Passionate About Iowa City
and the Moms Who Live Here.

Eliminating Timeouts? Tuning Into Your Child With a Time-In

“That’s it! Go to your room! I don’t want to see you for the rest of the day!”

“You go sit in the corner and think about what you’ve done!”

“If you don’t stop it right now, you’re going in time out!”

Do any of these phrases sound familiar? I can tell you they’ve been uttered (okay, not uttered, YELLED) hundreds, if not thousands of times at our house. For years, we utilized time-outs as the primary source of discipline with our kids. However, with my time and experience, I’ve started to question the effectiveness of time-outs as a discipline technique.

What I’ve discovered is that with my kids, time-outs often lead to more power struggles, increased shame, and lack of trust. In addition, two of my children have attachment and abandonment issues related to their foster care/adoption experiences. When isolation is used as a discipline technique, it only exacerbates their negative behavior. While time-outs may be effective for some children, I’ve found that for my kids a technique called time-in has been a more effective discipline strategy.

What’s a Time-In?

Time-Ins are similar to time-outs in that a child can be moved to a designated “safe spot” when a meltdown or misbehavior occurs. The main difference is that an adult sits with the child instead of leaving the child alone. The time-in technique provides an opportunity to talk with the child about their behavior. It also allows them to process the big feelings that often trigger temper tantrums. Time-ins can help adults guide children on how to pause and reflect on their behavior. When used appropriately, time-ins can build crucial trust with children and their parents/caregivers.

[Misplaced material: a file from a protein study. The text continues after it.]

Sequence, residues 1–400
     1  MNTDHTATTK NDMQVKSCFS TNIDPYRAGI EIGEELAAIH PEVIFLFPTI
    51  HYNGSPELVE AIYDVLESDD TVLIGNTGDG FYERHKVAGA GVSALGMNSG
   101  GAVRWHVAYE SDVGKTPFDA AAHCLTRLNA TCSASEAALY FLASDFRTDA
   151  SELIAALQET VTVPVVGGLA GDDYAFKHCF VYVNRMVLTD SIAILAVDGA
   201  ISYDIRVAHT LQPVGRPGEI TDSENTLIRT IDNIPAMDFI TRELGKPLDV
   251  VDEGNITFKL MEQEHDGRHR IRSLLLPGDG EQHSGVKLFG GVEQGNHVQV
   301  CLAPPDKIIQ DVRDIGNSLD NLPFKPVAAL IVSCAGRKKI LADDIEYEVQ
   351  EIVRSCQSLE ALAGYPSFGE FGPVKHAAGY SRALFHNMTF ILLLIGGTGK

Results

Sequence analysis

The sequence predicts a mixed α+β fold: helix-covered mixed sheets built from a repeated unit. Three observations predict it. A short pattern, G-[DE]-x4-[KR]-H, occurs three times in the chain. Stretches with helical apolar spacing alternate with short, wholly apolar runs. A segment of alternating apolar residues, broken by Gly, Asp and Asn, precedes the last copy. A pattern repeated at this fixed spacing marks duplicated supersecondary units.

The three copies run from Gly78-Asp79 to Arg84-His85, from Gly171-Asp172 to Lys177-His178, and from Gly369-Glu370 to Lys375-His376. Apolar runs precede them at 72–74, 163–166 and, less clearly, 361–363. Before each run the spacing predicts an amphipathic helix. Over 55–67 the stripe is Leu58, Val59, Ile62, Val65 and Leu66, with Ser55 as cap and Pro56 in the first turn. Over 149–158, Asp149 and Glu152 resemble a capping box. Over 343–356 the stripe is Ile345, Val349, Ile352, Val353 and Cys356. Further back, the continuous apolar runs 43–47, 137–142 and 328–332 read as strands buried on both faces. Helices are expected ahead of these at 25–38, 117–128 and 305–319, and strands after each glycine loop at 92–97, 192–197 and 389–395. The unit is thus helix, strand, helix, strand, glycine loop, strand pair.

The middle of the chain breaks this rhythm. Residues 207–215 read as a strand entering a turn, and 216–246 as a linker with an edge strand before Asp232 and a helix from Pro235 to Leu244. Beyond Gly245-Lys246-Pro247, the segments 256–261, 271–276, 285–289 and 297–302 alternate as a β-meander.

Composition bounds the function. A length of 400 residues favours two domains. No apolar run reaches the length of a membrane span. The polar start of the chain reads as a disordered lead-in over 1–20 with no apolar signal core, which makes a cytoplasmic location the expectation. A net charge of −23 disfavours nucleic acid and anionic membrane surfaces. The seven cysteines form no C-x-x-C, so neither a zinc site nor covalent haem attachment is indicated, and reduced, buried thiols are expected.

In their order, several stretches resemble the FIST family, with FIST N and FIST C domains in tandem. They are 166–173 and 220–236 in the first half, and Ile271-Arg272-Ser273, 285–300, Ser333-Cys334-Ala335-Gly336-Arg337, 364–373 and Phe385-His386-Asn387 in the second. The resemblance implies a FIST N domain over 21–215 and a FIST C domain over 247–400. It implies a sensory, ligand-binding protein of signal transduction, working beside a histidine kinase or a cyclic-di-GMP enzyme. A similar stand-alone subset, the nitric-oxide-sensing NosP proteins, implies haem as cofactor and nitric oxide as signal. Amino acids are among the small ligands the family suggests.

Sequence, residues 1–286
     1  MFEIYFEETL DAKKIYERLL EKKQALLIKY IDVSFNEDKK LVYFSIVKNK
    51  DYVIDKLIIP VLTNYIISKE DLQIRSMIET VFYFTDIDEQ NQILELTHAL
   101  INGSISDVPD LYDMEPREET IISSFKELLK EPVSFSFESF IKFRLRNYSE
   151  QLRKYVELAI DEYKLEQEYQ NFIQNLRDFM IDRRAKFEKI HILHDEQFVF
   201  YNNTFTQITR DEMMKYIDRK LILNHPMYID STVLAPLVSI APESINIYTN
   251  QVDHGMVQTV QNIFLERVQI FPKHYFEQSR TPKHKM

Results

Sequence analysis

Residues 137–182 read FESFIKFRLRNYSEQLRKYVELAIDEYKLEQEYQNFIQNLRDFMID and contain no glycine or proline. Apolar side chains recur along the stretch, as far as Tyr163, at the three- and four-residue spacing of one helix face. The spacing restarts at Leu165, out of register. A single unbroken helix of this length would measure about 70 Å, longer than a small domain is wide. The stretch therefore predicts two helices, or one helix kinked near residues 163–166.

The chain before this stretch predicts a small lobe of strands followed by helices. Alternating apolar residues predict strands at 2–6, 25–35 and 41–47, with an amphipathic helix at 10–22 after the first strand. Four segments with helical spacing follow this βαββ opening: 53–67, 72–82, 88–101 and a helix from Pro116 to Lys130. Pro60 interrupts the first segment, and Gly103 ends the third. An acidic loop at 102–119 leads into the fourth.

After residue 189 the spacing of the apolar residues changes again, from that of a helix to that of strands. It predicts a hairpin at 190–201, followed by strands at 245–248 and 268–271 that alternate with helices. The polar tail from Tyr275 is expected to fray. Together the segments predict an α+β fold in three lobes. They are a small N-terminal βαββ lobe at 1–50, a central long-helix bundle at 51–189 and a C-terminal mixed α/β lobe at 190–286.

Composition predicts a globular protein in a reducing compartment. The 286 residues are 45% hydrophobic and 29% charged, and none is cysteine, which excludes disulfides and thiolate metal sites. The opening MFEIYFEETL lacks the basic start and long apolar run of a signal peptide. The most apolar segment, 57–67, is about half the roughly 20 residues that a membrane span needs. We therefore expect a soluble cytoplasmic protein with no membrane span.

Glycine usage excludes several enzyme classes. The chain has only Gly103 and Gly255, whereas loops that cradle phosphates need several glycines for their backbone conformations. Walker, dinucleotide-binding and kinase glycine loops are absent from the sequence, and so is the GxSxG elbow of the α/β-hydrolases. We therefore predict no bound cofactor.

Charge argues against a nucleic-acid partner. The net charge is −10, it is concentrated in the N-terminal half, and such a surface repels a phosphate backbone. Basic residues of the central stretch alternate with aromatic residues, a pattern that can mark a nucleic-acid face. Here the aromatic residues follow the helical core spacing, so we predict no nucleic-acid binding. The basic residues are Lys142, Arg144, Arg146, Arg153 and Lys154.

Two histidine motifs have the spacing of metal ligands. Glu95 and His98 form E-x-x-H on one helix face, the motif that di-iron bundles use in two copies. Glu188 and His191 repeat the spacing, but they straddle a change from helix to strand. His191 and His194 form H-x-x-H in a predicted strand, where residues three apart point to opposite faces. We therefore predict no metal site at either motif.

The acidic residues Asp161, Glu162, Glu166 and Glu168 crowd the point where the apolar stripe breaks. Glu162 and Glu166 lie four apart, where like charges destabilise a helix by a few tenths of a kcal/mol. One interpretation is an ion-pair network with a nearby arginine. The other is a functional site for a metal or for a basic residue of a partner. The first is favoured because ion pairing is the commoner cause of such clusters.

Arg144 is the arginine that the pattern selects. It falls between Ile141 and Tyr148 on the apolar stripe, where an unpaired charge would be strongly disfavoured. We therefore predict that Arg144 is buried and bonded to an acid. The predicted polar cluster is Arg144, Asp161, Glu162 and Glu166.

In our experience, time-ins have helped us get to the root of our kids’ negative behavior in a more efficient way. Kids rarely misbehave “just because.” Growing up is hard work. Our kids’ brains are processing so much, and it can be easy for their senses to get overwhelmed. Often their intense feelings clash with external expectations, and the result can be an expression of big, scary feelings.

Whether it manifests in a full on meltdown or misbehavior, most of the time what the child is seeking is comfort and/or help navigating their feelings.

It’s worth noting that big, complicated emotions aren’t just limited to younger kids. I hate to break it to parents of toddlers and preschoolers, but your days of managing tantrums are far from over. Tweens and teens throw tantrums too, they just look and sound different (except sometimes they don’t!). Older kids need just as much comfort from their parents as their younger counterparts. Utilizing the time-in technique becomes even more crucial at this age and stage. Older kids are capable of higher levels of understanding, which allows the processing to be more effective. In addition, it’s vital that tweens and teens know they can trust the adults in their lives to listen and respond to negative situations in an unconditional way.

To be clear, utilizing time-ins isn’t a way to let kids off the hook for bad behavior. In fact, in some cases, sitting and processing a situation with our older kids has helped them understand and accept the consequences of their behavior. Talking through and reflecting on the situation has decreased the amount of arguing when we do issue a consequence.

time-in parenting

How To Try a Time-In

The primary difference between a time-out and a time-in is the lack of isolation. You can also designate  a “calm down” spot and provide soothing activities, but the most important thing is to stay with your child and help them. With our four-year-old, we have a spot on the steps where we go and sit together. With our older kids, we do send them to their room for an initial calm-down period, but after a few minutes we go and talk to them.

Even though time-ins are considered a positive parenting technique, this doesn’t mean things are warm and fuzzy. Our older kids still hurl insults our way. Our preschooler still hits and kicks us. But utilizing time-ins has helped our kids understand that we’re there for them unconditionally, no matter how they behave.


 

, , , , , ,

No comments yet.

Leave a Reply